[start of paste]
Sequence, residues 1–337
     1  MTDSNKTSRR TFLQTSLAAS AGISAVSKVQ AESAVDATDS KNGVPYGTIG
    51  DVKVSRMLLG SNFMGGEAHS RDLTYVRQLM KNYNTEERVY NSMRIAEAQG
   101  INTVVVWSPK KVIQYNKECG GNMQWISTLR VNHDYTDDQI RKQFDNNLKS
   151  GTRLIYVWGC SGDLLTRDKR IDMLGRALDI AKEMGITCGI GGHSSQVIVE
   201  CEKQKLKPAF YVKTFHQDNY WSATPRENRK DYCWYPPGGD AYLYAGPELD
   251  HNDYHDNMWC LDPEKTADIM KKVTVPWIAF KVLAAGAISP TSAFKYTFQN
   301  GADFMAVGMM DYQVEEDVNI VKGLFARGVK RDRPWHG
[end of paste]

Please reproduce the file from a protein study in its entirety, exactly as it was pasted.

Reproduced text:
Sequence, residues 1–337
     1  MTDSNKTSRR TFLQTSLAAS AGISAVSKVQ AESAVDATDS KNGVPYGTIG
    51  DVKVSRMLLG SNFMGGEAHS RDLTYVRQLM KNYNTEERVY NSMRIAEAQG
   101  INTVVVWSPK KVIQYNKECG GNMQWISTLR VNHDYTDDQI RKQFDNNLKS
   151  GTRLIYVWGC SGDLLTRDKR IDMLGRALDI AKEMGITCGI GGHSSQVIVE
   201  CEKQKLKPAF YVKTFHQDNY WSATPRENRK DYCWYPPGGD AYLYAGPELD
   251  HNDYHDNMWC LDPEKTADIM KKVTVPWIAF KVLAAGAISP TSAFKYTFQN
   301  GADFMAVGMM DYQVEEDVNI VKGLFARGVK RDRPWHG